Friday 30th November 2007

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Robert Plant has joked that "Stairway to Heaven" should be renamed "Stairlift to Heaven."

Nov. 28 (Bloomberg) – Led Zeppelin’s singer Robert Plant has joked that the group’s comeback means their trademark song “Stairway to Heaven” should be renamed “Stairlift to Heaven.”

Fans of the U.K. rock band, who have been hoping for a reunion for three decades, are indeed in ecstasy. For Plant, 59, and his band mates, who have already sold more than 300 million albums, it could also signify a golden pension plan.

Led Zeppelin fell apart after the death of drummer John Bonham in 1980. Thanks to bone-crunching songs such as “Whole Lotta Love,” the group’s influence was once viewed as equal to that of Elvis Presley, the Beatles and Bob Dylan.

The group has new CDs, a DVD and a Web site. It put its back catalog online and joined a charity concert, featuring pals Jimmy Page on guitar and singer Robert Plant, with Bonham’s son Jason on drums and the estranged bassist, John Paul Jones.

More than a million fans entered an Internet ballot for the Dec. 10 gig at London’s 20,000-capacity O2. Tickets have been offered on EBay for as much as $10,000 each for “buy it now'’ sales. The demand may tempt Led Zeppelin to tour in 2008.

The group is “concentrating on the concert,” said its U.K. spokesman Chris Goodman of public-relations company the Outside Organisation. Still, the reunion is stirring speculation among Internet bloggers that the band is lining up venues for a tour.

Lucrative Returns

In the past year, the Who, the Stooges, the Spice Girls and the Sex Pistols have staged comebacks. Billboard reported that the Police grossed more than $171 million total and estimates that Led Zeppelin could take $3.2 million a night. Plant and Page toured in the 1990s, reporting $31.4 million revenue for 63 shows.

For those who say “Led Who?” the new CD compilation “Mothership'’ offers a great way to catch up. It has 24 songs – nearly every one that matters, as well as one that doesn’t (the cod-reggae “D’Yer Mak’er.")

“Mothership” improves on the similar “Remasters” double CD of 1992 by adding Bonham’s tour de force “When the Levee Breaks.” The remastering makes “Communication Breakdown” sound even louder, if that were possible. The demolition of the blues was revolutionary in 1969. It must have scared hippies senseless.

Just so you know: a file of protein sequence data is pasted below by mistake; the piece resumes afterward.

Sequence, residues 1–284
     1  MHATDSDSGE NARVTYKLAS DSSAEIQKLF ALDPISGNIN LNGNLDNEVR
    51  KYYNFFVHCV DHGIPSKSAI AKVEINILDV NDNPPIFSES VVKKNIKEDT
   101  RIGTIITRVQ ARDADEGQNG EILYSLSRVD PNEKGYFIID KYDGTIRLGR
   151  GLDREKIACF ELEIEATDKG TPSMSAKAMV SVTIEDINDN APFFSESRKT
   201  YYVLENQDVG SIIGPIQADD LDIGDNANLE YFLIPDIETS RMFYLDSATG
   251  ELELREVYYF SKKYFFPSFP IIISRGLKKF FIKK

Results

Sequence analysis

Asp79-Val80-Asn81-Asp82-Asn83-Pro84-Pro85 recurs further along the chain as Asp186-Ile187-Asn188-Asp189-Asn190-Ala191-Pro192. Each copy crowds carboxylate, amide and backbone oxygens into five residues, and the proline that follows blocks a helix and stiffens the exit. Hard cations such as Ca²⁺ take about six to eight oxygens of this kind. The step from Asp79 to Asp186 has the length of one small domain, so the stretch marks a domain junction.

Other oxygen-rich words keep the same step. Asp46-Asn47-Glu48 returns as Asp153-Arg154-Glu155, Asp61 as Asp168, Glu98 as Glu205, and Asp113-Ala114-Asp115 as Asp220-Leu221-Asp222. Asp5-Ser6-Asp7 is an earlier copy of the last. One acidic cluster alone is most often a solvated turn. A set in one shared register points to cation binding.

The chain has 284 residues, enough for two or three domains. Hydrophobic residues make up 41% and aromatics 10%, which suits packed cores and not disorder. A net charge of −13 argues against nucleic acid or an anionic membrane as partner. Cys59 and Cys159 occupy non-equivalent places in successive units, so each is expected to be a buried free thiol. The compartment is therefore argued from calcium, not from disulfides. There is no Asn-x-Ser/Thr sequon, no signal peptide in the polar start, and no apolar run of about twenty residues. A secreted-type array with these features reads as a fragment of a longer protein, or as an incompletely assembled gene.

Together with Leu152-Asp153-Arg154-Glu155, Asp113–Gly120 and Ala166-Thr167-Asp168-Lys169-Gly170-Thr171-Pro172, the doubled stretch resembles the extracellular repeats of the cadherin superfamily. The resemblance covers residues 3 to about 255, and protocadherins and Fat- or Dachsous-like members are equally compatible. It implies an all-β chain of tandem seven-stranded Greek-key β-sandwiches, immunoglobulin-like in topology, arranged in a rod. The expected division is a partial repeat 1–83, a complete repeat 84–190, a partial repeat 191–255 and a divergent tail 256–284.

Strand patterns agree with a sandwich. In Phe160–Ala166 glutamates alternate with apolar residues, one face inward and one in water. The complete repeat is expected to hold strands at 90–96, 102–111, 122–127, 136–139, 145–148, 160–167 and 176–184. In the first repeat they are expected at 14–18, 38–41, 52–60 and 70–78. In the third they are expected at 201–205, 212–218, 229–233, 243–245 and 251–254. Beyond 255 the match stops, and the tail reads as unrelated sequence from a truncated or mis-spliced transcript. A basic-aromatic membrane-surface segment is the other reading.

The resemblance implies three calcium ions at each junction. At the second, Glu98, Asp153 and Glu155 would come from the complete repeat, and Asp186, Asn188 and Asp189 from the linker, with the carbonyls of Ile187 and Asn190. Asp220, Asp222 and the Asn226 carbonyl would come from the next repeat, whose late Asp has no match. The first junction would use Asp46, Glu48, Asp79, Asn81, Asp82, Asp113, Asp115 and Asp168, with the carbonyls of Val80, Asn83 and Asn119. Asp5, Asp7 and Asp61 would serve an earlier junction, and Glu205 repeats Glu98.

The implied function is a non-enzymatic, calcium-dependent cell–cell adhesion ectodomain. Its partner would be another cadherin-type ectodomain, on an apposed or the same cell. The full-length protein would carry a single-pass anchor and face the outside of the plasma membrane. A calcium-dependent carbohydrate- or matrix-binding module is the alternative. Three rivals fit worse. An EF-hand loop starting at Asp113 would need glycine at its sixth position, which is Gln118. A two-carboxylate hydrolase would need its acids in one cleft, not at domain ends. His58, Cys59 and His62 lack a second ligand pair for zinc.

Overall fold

While the Beatles and the Stones dominated the charts, Led Zeppelin didn’t release singles. The group’s influence was subversive and ubiquitous. I’ve heard it everywhere, from a battery-powered radio blaring “Kashmir'’ in remote Peru last year to the thud of “Rock and Roll” from a party shattering the peace of a Tuscan seminary in the 1980s.

Plant Partnership

Is the comeback simply a nostalgia trip for aging heavy-metal pioneers? It’s more than that: The band plans new material and Plant has made an exceptional CD, “Raising Sand,” with U.S. country singer Alison Krauss. Their partnership does much to atone for Plant’s more questionable, sometimes misogynistic 1970s lyrics.

Led Zeppelin’s image has become unfairly skewed to focus just on the three-chord-riff bombast. Zep was loud and proud, pompous and imperious. It also had players with impeccable skills, and songs with sensitive passages such as “Over the Hills and Far Away.” Anyone wanting to sample that complexity should check out the 1976 live album “The Song Remains the Same,” featuring New York shows from 1973, released this month in an expanded form.

The DVD version intercuts the songs with fantasy videos, millionaire country estates, groupies, private jets and limos. This all fueled the anger and envy of the punk revolt of 1976.

As a time capsule, it’s priceless. Still, it’s not the best Zeppelin live album: The rival “How the West Was Won” has peerless performances and “BBC Sessions” is immaculate.

Like the ominous opening seconds of “Black Dog'’ (Page described it as “waking up the army of guitars'’), the Led Zeppelin money machine is gearing up for world domination again. Welcome back, guys.

Led Zeppelin is on Warner/Atlantic, Plant and Krauss on Rounder. Prices of the CDs are from $12.98 in the U.S. or 8.99 pounds in the U.K.


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